SHS graduate helps with Mississippi poultry farm cleanup after tornado

May 7, 2014

Corbin Smith, Sweetwater High School graduate, is shown (front and center) at a poultry farm in Mississippi helping with cleanup after a tornado tore through the town, killing almost all of the 220,000 broilers on the farm. Smith is a production supervisor at Tyson Foods in Springfield, Ark. (Rogelio V. Solis /Associated Press)

Sweetwater High School graduate Corbin Smith was recently featured in photos when he was asked by his employer, Tyson Foods, to take a team to a poultry farm in Mississippi and help clean up what was left after a tornado tore through a poultry farm, killing almost 220,000 broilers on the farm. The news story was picked up by Fox News, the San Francisco Chronicle, the New York Times and the Associated Press to name a few. Smith is a production supervisor at Tyson Foods in Springfield, Ark. He is a 2009 graduate of Sweetwater High School and a December 2013 graduate of Texas A&M University. He was hired only a few days after graduating from Texas A&M, where he was a part of the poultry judging team. Smith was also part of poultry judging at Sweetwater High School, also raising broilers and showing them in local stock shows since the eighth grade, with several grand championships under his belt. Following is the the news story by the Associated Press.
Tornado leaves thousands of dead chickens on shattered poultry farms in rural Mississippi
NOXAPATER, Miss. –  There's nothing left of the poultry farm owned by Charlie and Cindy Wilkes save for splintered wood, twisted metal and scores of dead chickens pungently rotting on the land.
A large tornado that tore through the East Mississippi community of Noxapater (pronounced Nox-uh-PAY-ter) on Monday made a direct hit on Wilkes Farm. In minutes, the howling winds blew away eight aluminum- and wood-framed poultry houses, each holding 28,500 broilers apiece.
Few of the roughly 220,000 birds survived the storm, which struck down other chicken farms around this region of pine and oak forests and lone country roads. The 15-day-old chickens that survived walked among dead birds Wednesday morning, picking at the ground as workers from Tyson Foods tried to corral them.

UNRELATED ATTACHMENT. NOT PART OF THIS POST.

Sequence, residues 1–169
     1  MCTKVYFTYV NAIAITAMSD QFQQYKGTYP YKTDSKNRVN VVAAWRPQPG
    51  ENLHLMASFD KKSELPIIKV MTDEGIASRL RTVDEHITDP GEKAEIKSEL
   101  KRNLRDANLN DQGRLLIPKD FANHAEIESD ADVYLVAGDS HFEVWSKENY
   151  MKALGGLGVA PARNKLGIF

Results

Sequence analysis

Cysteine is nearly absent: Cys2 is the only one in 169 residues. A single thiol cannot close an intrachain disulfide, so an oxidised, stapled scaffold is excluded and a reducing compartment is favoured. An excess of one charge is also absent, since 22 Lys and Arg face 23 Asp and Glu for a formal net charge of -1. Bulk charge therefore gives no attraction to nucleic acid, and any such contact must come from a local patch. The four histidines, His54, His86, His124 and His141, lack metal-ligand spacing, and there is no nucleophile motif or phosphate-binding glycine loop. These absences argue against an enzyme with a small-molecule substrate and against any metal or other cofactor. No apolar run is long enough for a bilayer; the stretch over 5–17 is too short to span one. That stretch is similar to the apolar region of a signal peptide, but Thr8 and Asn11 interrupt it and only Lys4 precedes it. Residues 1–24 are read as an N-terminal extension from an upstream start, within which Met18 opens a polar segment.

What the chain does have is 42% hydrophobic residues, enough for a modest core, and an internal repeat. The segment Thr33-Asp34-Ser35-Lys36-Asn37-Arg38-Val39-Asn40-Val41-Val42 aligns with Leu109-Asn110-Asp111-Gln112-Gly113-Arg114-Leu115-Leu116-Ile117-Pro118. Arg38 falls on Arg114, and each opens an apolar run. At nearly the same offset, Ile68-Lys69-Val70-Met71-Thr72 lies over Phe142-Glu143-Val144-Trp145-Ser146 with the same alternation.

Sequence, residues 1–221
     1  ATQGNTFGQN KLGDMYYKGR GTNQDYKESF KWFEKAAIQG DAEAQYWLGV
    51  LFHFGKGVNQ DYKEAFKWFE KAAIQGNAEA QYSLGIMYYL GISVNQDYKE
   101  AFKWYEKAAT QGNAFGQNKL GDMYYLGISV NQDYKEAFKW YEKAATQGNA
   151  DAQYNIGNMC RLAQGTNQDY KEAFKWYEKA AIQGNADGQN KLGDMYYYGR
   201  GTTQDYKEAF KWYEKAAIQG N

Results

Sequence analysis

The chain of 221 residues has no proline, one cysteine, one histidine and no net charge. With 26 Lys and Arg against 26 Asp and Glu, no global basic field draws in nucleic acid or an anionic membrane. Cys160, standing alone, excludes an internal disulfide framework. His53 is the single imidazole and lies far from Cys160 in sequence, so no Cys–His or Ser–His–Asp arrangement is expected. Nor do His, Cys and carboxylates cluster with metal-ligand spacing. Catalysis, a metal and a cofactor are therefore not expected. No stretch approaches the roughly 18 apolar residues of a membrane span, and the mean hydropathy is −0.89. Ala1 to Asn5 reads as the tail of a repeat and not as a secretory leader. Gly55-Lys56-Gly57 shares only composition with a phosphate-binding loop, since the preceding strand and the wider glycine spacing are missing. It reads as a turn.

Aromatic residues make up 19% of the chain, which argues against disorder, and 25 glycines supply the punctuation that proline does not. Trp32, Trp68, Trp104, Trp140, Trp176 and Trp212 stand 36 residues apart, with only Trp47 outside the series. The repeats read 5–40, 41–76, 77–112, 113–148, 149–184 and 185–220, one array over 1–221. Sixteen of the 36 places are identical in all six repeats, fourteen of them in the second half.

Cindy Wilkes said the tornado struck at the family livelihood, but she feels blessed she and her loved ones survived. She, her husband and their two daughters said prayers as the tornado rolled through their home, hidden in an underground storm shelter.
"We've lost our farm and we lost our home, but we're alive," she said.
The storm badly damaged the home and nearly pulled their shelter from the ground. Pieces of aluminum, dangling in trees, were once the frames of the long, rectangular chicken houses.
Ray Ables, a production manager for Tyson, said he has never seen a farm as large as the Wilkes' suffer so much damage. He said Tyson, which has about 1,500 chicken houses in Mississippi, will help with the cleanup and hopes to work with the Wilkes when they rebuild.
The Wilkes have a contract with Tyson, which supplies the chickens and collects live birds for processing before it's sold to Tyson's customers.
Area farm owners estimate that about 30 chicken houses were damaged or destroyed, along with vehicles, offices and the houses and mobile homes of those who live there.
Cindy Wilkes got a call from a man in Columbus, about 50 miles away. He found a stub from one of the Wilkes' business checks blown into his yard.
It could take months, but the Wilkes have insurance and plan to rebuild.
Charlie Wilkes estimates his loss at about $1.5 million in chicken houses alone.
On Wednesday, Tyson workers wore blue protective suits and clear, boot-like shoe coverings as they walked among the chicken carcasses. The live birds would be put down humanely and buried along with the dead fowl and debris of the chicken houses, Cindy Wilkes said.
A couple of miles away from the Wilkes Farm, Terry Hartness described how the tornado came in from the west and decimated 12 chicken houses there. Hartness sold the farm, which he had owned for about 14 years, on Friday. That was just three days before the tornado hit.

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